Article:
Director: Susan Johnson
Cast: Lana Condor, Janel Parrish, Anna Cathcart, John Corbett, Noah Centineo, Israel Broussard, Emilija Baranac, Madeleine Arthur
Young adult films have been all the rage for a long, long time. Before The Hunger Games and Twilight and Harry Potter we had the John Hughes movies of the 80s, and way before that we had James Dean running amok before his tragic and untimely end. But not often do we see a modern YA film that takes its cue from older YA’s and build on top of them. To All the Boys I’ve Loved Before is a teen rom-com that makes its influences very clear but also tries to do its own thing. So how does it stand up currently, with YA films generally starting to become lacklustre and, well, boring?
Sixteen-year-old Lara Jean Covey (Condor) and her two sisters, the younger Kitty (Cathcart) and older Margot (Parrish) reside with their widower father, Dan. Margot has been dating the Covey’s next door neighbour, and Lara Jean’s best friend, Josh (Broussard), for two years. She’s off to university in Scotland and so breaks up with Josh. This causes Lara Jean to reminisce on her friendship and past feelings for Josh, all of which she wrote down in a letter that she addressed to him but never sent. She had also written four other love letters, all addressed to boys she’d ‘loved’ in the past, but again had never sent. One day, all the letters find their way to the addressed boys. One letter was for a boy named Peter (Centineo), the first boy Lara Jean had ever kissed, and during a game of spin the bottle a couple of years ago, before he’d started dating her ex-best friend, Genevieve (Baranac). Gen recently broke up with Peter, and so Lara Jean and Peter concoct a plan to make Gen jealous and want Peter back and to convince Josh that Lara Jean does not have feelings for him anymore. Cue utter teenage chaos, where nothing is ever straight forward.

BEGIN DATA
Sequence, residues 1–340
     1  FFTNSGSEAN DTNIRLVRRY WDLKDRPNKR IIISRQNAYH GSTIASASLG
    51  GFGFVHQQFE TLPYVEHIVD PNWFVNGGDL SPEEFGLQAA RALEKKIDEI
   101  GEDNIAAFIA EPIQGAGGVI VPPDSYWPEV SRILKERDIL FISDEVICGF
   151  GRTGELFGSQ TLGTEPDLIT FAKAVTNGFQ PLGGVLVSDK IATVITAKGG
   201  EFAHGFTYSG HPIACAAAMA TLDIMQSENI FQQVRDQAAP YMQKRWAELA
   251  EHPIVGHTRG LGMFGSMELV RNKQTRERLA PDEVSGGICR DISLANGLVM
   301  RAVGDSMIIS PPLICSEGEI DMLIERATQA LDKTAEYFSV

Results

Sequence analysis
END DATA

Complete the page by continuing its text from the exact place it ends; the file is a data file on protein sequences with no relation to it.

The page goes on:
What’s initially striking in a positive way about To All the Boys is its cultural diversity. It likely stems from the author of the source novel, Jenny Han, an American-born author who is half Korean. It’s wonderfully refreshing to see the film fronted by an Asian-American girl rather than the ‘white washing’ that has happened in the past, even when source material clearly states the ethnicity of a character. It’s also a nod to modern relationships to have Lara Jean and her sisters be half Caucasian and half Korean, with their Eastern heritage playing its own role throughout the film rather than not being acknowledged at all: the girls’ Caucasian father tries to cook Korean food at one point, which is not only a way for the girls to remember their mother, who had passed away when the girls were younger, but to also keep in touch with half of their heritage. Countries such as America have such a diverse population that it’s only right that non-white cultures are being represented. The film is off to a positive start.
As previously mentioned, the film boasts many influences from older YA movies. In particular John Hughes films, which are not only reflected in the story itself, but also mentioned and paid homage to many times: Peter agrees to watch Sixteen Candles if Lara Jean will watch Fight Club; Lara Jean’s relationship with her single father is similar in closeness to that of Andie and her single father, Jack, in Pretty in Pink, and she kind of has to choose between two boys, just like Andie did; and then there’s a lovely father-daughter scene with Lara Jean and Dan in which they play ‘Everybody Wants to Rule the World’ by Tears for Fears, a band from the 80s, that gives it that nostalgic feel. The teen and high school setting is also very a-typical of a YA rom-com, but the plot in particular pays tribute to Gil Junger’s 1999 teen rite-of-passage film 10 Things I Hate About You, with those classic Shakespearean themes of deception and secrecy. However, director Susan Johnson, along with Han’s story, takes everything learnt from these older movies and creates something that pushes it into modern times, even trying to acknowledge that they’re learning from the mistakes of past filmmakers who were unaware or purely ignorant of how they represented certain things on screen. For instance, when Peter and Lara Jean are watching Sixteen Candles, Peter makes the point of saying the representation of character Long Duk Dong is racist, to which Lara Jean says it’s extremely racist. So the film is very much aware of itself and its audience, acknowledging the racism of past much loved movies, but it’s also saying that these films can still be watched and enjoyed for what they are, as long as it’s understood that misrepresentation and stereotypes are no longer acceptable.